Stone masonry processes produce large amounts of silica dust, due to the constant breaking down of raw materials. Strong impacts from hammering and chiselling stone scatters debris and dusts into the breathing space of the worker. Silica dust is particularly hazardous as it can cause silicosis, an inflammation and scarring of the lungs. Damage from inhaling stone dust can be permanent and life changing, so the importance of protecting users from exposure is very high.
With these hazards in mind, AES have designed and installed a safe workspace for users to learn and practice stone masonry.
The Stirling based Historic Scotland stone masonry workshop gives users maximum protection from silica dusts. The system features extraction arms and clean-up kits to remove dusts created when shaping workpieces with a hammer and chisel. Users typically use respiratory protection equipment whilst working, which would usually pose an obstruction towards using awkward extraction systems with small switches. Due to arms being mounted above the user, the operator has full mobility of the system, even when encumbered by protective workwear.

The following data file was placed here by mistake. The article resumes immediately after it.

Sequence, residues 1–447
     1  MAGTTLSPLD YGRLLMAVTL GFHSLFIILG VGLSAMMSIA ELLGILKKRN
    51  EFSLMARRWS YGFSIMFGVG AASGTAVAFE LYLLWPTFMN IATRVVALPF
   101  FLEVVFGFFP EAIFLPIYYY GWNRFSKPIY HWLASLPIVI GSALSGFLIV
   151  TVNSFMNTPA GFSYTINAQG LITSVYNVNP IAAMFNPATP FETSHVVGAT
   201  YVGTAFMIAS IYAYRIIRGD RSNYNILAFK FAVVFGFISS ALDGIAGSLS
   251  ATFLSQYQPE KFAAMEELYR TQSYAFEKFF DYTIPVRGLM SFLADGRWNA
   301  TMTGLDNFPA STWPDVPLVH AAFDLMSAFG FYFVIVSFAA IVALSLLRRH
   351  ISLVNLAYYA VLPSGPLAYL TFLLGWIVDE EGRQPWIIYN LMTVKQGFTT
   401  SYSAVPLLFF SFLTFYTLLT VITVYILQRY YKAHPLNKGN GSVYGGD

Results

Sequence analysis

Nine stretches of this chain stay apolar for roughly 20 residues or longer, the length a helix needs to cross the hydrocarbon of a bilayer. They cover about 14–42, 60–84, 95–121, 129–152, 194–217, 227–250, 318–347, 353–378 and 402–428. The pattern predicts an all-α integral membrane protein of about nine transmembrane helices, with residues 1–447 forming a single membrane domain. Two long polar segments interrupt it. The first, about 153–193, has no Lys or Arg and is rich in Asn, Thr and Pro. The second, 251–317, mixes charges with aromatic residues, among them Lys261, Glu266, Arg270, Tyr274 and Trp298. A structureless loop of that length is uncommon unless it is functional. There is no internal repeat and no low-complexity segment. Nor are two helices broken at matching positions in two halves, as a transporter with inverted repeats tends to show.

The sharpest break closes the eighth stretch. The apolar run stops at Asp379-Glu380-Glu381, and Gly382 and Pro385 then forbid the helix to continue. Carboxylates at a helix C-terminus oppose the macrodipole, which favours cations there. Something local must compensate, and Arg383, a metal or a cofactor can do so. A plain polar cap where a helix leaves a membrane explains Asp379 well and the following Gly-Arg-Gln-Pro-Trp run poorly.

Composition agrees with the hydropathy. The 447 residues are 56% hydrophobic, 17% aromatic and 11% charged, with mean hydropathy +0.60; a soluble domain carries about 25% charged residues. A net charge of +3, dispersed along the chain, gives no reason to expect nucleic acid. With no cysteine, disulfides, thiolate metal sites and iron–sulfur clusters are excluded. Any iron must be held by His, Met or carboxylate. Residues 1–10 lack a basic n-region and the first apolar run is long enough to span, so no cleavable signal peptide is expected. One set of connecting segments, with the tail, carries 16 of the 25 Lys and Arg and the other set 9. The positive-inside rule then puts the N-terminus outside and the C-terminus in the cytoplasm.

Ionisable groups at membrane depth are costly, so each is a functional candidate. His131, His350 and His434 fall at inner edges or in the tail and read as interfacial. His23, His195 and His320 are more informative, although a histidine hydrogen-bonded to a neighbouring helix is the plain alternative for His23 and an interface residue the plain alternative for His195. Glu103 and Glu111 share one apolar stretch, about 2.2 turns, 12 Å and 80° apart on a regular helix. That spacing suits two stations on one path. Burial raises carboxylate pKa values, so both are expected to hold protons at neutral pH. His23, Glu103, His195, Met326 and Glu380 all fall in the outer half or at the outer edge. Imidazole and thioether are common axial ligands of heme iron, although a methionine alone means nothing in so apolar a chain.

All dusts that are captured by the system are filtered and stored away from the users in the C-VAC system. The system can be emptied safely by a technician, meaning that students don’t need to come into direct contact with large amounts of loose silica dust.
The stone dust extraction system has been in place for several terms, and masons are seamlessly using the available extraction solutions with their workload. The user will typically shape their stone piece with the extraction arm positioned above the area of striking. The clean-up kit is then activated by releasing a slide valve located within arms reach. This lets the user use a small brush nozzled vacuum hose to remove excess dust from their work. High powered LED lights within the hood of the extraction arm provide the user with better visibility – key when crafting precise parts.